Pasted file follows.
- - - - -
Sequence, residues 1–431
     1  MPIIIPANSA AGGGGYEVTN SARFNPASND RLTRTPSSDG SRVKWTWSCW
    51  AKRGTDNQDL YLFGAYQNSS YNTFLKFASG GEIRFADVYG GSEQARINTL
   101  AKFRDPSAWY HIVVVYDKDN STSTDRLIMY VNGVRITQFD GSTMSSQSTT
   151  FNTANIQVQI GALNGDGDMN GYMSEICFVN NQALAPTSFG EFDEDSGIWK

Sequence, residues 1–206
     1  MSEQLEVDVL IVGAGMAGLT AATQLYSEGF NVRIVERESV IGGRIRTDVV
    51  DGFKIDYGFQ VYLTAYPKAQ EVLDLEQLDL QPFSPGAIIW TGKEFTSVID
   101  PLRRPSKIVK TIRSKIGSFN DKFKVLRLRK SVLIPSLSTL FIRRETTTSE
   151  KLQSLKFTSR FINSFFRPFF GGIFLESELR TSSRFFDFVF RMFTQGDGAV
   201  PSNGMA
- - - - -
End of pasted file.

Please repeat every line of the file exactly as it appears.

Sequence, residues 1–431
     1  MPIIIPANSA AGGGGYEVTN SARFNPASND RLTRTPSSDG SRVKWTWSCW
    51  AKRGTDNQDL YLFGAYQNSS YNTFLKFASG GEIRFADVYG GSEQARINTL
   101  AKFRDPSAWY HIVVVYDKDN STSTDRLIMY VNGVRITQFD GSTMSSQSTT
   151  FNTANIQVQI GALNGDGDMN GYMSEICFVN NQALAPTSFG EFDEDSGIWK

Sequence, residues 1–206
     1  MSEQLEVDVL IVGAGMAGLT AATQLYSEGF NVRIVERESV IGGRIRTDVV
    51  DGFKIDYGFQ VYLTAYPKAQ EVLDLEQLDL QPFSPGAIIW TGKEFTSVID
   101  PLRRPSKIVK TIRSKIGSFN DKFKVLRLRK SVLIPSLSTL FIRRETTTSE
   151  KLQSLKFTSR FINSFFRPFF GGIFLESELR TSSRFFDFVF RMFTQGDGAV
   201  PSNGMA